Welcome

to the British Science Association

We are a registered charity that exists to advance the public understanding, accessibility and accountability of the sciences and engineering in the UK.

31/07/2014

Show me content for... +

Show me content for...
Events
Resources
Volunteers
Teachers
Professional development
Families & teenagers (aged 12+)
Families (children aged 12 & under)

Donate

register

Register with us and you can....

  • Sign up to our free e-communications
  • Become a member of the Association
  • Create your own web account, & post comments
  • Be part of British Science Festival
  • Save your favourite items

Register

Keep up to date with the latest news from the British Science Assocation. Sign up to our RSS feeds and take us with you when you are on the move.

You are here

Get involved

Choose from...

What's happening in your area?

PAS 2014: adopting the gold standard

PAS 2014: adopting the gold standard

Tim Silman is a Research Assistant at Ipsos MORI and is part of the team responsible for designing, managing and analysing the survey element of Public Attitudes to Science (PAS) 2014.

----------------------

In June, Patrick Sturgis, Principle Researcher for the Wellcome Trust Monitor (WTM), posted this blog, advocating “gold-standard” sampling approaches for public opinion surveys on science issues. He’ll be pleased to hear that BIS and Ipsos MORI have taken on board his and other academics’ feedback in designing PAS 2014, moving to a random sampling approach.

Previous PAS surveys used a quota sample where interviews are conducted until quotas representative of the population (e.g. on gender and age) have been met. Interviewers move from house to house until they find an eligible respondent. PAS 2014 uses a random sample, where a fixed set of addresses are drawn at random. Interviewers then select a member of the household at random to take part.

Random samples are generally considered more robust than quota samples. In the former we can calculate the probability that someone was selected to take part, so can carry out statistical significance tests on the results. Strictly speaking, those tests don’t apply to quota samples. In addition, people who do and don’t choose to take part may be inherently different, leading to selection bias. Since we know the response rate in a random sample, we can calculate this bias and therefore how representative the results are. In a quota survey, the number of people who refuse to take part is not necessarily recorded. Whilst quota isn’t necessarily more biased, the bias is unknown. Moreover, as Patrick said in his blog post, quota response rates are estimated at 5-10 per cent, compared with around 40-50 per cent for a random sample.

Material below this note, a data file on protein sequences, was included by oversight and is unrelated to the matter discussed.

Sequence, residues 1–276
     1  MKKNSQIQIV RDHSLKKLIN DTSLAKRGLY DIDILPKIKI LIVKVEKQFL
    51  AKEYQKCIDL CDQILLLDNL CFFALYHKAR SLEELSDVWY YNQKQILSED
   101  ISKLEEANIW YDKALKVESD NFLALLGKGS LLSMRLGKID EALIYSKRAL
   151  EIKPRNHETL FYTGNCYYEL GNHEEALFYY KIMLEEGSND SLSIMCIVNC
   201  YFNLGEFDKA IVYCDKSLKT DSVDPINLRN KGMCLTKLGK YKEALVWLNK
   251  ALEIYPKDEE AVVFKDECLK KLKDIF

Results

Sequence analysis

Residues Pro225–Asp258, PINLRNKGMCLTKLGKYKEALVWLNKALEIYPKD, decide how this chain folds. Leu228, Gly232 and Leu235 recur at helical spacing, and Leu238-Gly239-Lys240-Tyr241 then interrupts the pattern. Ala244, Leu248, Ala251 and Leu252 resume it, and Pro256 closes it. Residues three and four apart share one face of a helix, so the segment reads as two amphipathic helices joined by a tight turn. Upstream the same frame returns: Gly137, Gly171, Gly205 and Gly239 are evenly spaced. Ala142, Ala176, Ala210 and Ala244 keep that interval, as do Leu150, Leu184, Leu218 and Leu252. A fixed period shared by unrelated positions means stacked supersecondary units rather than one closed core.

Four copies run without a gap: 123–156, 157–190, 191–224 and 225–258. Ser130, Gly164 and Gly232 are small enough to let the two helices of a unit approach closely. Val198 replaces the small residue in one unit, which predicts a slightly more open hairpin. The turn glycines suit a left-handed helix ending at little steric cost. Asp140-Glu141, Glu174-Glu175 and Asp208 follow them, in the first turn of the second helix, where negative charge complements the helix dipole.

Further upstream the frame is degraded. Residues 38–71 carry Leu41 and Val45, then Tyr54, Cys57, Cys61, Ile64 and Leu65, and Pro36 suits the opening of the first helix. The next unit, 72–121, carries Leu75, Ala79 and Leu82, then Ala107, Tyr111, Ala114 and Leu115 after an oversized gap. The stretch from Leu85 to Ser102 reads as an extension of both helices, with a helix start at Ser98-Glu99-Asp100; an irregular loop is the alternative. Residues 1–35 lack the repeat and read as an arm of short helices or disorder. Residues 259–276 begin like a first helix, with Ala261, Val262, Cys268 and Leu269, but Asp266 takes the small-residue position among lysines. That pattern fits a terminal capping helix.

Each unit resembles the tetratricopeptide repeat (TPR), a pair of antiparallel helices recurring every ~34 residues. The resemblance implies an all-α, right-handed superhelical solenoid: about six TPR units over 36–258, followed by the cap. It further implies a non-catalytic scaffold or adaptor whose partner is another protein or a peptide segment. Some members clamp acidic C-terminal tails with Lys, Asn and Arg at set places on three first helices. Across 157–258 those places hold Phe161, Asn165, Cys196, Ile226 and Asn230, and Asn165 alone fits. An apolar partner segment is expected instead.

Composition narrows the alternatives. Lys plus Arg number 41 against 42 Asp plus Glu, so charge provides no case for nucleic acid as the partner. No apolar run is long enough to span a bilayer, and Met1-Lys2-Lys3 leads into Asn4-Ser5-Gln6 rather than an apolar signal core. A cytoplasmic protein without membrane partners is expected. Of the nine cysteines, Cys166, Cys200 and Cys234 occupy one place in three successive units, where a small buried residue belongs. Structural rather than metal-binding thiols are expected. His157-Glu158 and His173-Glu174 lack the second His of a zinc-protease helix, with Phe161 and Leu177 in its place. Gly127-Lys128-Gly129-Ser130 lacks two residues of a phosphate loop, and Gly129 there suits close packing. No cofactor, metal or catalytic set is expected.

This change was made in part to bring PAS in line with other respected public opinion surveys on science, such as the Wellcome Trust Monitor. Furthermore, the PAS 2014 Steering Group were keen for the survey to be as robust as possible – the previous blog posts on this website show that PAS is widely used, therefore the upmost confidence is needed in the findings. In addition, tracking changes over time is especially important for PAS, and this is another advantage of random sampling, as the survey can be done in exactly the same way each time, so we can be sure that changes in results across waves are not just down to interviewers making different choices about who to interview.

However, this change in approach does not invalidate previous PAS studies. Whilst random sampling may be the “gold standard”, quota is still widely used, including for large scale influential surveys such as the Eurobarometer. A well-constructed quota sample such as that used in PAS 2011 still minimises the impact of interviewer choice, e.g. by restricting them to certain streets. Studies have also shown that good quota samples can be comparable to random samples, so we can still make meaningful comparisons with previous waves done on quota.

And as well as comparing to previous PAS studies, the move to random sampling lets us legitimately compare results with other studies, such as the Wellcome Trust Monitor and British Social Attitudes surveys that have included questions on science issues. This enables much longer time-series comparisons, going back to 1988. This long-term data also allows us to conduct generational analysis, which has previously shown that people born in different generations have profoundly different views on social issues.

Of course, quota still has its place. For PAS 2014, we are doing a “boost” survey of 16-24 year olds so we have enough young people in the sample to look at their views in more detail. A random sampling approach would make little sense here, as we would have to check lots of households at random before finding someone of the right age group. In this way, quota samples make research among subgroups feasible.

We are currently about half-way through fieldwork for PAS 2014: it’s due to finish this winter, and you’ll be able to see the results in March 2014. I’m really looking forward to producing the most robust PAS data ever, and doing the advanced analysis that our new approach enables.

Join the debate...
Log in or register to post comments